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New permeation parameters for evaluating decontamination efficacy of chemical protective clothing materials.

Gao-P; Tomasovic-B
Occupational and Environmental Exposures of Skin to Chemicals, Stockholm, Sweden, June 12 -15, 2005. Morgantown, WV: National Institute for Occupational Safety and Health, 2005 Jun; :1
Decontamination efficacy of chemical protective clothing is a critical issue for decision making on whether the clothing can be reused, should be retired, or needs to be disposed of as nonhazardous waste. Currently, change in breakthrough time (BT) using a permeation test and measurement of residual chemicals using an adequate analytical method are two approaches to evaluating decontamination efficacy. However, change in BT offers no information on the amount of residual chemicals that is essential for risk analysis; while the other approach requires validating extraction efficiency which is time consuming. We propose two new permeation parameters, baseline slope (BS) and estimate of residual chemical (ERC), for evaluating decontamination efficacy. For a permeation curve with concentration (microg/L) on the y axis and elapsed time (min) on the x axis, BS is the ratio of the concentration just before breakthrough to the elapsed time. For a closed loop system, the ERC is the concentration just prior to breakthrough multiplied by the dead volume of the system, in liters; for an open loop system, the ERC is the area under the curve, from the start of the test to the point just prior to breakthrough, multiplied by the sampling flow rate in L/min. In this study, neoprene gloves were exposed to acetone and the gloves were then decontaminated using adsorbent in conjunction with applying a vacuum or using thermal extraction. A newly developed computer program was employed for the calculations. Using a paired t-test, the BS and the ERC for the adsorbent decontamination were significantly different after the first cycle (p < 0.05). The BT for the adsorbent decontamination was only significantly different after the second cycle (p < 0.05). The BS, BT, and the ERC for the thermal decontamination were only significantly different after the third cycle (p < 0.05). The study demonstrates that the changes in BS and ERC appear to be more sensitive indicators for decontamination efficacy than the BT. The residual chemicals inside the clothing material due to ineffective decontamination procedures can be estimated by the new parameter of ERC. In addition, the study has shown that thermal decontamination efficacy was better than the adsorbent decontamination (p < 0.001).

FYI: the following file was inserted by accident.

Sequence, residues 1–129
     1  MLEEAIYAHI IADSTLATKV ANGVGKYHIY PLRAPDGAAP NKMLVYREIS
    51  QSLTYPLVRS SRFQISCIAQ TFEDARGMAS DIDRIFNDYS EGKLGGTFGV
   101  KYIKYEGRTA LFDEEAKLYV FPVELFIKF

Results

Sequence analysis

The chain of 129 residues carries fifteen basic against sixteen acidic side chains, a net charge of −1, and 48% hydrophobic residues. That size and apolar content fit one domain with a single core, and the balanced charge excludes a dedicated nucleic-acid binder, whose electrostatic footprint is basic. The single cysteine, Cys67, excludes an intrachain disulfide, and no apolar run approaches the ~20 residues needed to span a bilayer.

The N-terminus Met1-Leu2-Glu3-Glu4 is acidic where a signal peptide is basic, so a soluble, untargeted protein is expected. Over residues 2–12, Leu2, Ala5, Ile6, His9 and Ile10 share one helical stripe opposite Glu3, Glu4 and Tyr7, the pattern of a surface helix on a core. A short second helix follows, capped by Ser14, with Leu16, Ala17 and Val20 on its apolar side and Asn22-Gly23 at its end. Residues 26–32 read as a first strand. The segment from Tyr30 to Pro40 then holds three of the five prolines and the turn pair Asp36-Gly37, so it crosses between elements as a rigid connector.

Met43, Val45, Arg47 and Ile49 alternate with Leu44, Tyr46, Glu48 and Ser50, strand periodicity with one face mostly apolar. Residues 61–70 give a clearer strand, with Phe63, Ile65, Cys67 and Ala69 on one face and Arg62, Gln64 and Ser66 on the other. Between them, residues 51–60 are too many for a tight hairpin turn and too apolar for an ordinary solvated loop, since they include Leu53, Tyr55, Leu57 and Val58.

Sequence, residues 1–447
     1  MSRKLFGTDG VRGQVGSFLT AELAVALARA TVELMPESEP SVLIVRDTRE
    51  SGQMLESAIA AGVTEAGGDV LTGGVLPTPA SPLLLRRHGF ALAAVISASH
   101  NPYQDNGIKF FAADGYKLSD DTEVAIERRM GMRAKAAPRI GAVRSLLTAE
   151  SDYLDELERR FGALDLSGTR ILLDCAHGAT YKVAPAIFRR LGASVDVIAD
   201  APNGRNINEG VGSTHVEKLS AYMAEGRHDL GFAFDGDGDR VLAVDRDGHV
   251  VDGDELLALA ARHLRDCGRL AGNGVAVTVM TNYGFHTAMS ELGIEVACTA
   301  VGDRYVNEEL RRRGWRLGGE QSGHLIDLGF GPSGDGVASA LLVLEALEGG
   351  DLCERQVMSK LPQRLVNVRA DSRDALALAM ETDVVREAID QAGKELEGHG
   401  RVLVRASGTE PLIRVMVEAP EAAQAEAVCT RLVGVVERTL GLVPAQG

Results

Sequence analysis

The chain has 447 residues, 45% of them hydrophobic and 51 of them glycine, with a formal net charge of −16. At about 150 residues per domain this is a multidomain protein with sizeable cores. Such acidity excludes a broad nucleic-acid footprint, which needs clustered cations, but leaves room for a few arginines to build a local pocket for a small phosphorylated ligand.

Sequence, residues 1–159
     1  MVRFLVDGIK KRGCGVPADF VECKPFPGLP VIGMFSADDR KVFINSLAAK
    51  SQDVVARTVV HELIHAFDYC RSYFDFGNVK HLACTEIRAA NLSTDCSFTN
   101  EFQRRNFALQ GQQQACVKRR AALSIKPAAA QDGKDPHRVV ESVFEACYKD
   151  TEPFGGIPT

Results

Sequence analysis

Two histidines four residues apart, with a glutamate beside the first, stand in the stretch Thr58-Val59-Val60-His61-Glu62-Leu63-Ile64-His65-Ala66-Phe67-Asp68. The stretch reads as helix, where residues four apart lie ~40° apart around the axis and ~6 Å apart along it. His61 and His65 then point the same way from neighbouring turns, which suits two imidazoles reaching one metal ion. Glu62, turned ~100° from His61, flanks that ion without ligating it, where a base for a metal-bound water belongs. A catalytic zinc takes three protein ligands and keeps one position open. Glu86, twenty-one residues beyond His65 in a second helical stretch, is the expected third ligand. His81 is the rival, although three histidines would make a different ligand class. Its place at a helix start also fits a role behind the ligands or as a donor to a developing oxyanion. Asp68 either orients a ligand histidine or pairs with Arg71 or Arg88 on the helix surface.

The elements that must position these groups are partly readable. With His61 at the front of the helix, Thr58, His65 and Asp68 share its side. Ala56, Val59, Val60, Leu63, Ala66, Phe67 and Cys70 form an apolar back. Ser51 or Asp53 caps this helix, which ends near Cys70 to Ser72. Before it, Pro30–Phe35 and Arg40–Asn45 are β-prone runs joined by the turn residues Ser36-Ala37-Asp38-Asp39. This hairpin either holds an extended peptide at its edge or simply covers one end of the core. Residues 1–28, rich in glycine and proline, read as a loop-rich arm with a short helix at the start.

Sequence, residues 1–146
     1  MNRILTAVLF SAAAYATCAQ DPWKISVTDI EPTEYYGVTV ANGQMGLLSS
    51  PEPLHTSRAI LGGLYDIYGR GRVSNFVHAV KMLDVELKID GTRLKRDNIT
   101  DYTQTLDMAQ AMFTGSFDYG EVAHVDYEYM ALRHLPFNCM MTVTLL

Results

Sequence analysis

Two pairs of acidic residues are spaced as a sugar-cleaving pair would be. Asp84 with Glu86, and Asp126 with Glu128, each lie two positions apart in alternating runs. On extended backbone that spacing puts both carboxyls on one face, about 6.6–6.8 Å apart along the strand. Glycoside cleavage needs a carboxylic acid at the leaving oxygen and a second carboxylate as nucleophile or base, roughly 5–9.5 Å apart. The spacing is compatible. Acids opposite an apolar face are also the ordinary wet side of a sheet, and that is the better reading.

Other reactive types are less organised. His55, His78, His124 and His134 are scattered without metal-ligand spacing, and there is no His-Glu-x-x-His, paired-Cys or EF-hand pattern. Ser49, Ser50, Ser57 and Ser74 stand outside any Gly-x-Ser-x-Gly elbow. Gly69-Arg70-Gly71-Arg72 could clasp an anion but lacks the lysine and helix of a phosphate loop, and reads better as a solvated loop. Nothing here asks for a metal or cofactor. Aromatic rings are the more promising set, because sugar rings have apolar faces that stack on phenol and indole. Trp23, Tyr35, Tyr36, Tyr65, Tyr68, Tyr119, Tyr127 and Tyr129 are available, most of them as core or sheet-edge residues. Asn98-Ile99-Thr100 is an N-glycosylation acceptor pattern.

Skin-irritants; Skin-exposure; Skin-absorption; Exposure-assessment; Risk-analysis; Personal-protective-equipment; Personal-protection; Protective-equipment; Protective-clothing; Protective-measures; Protective-materials; Decontamination
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Occupational and Environmental Exposures of Skin to Chemicals, Stockholm, Sweden, June 12 -15, 2005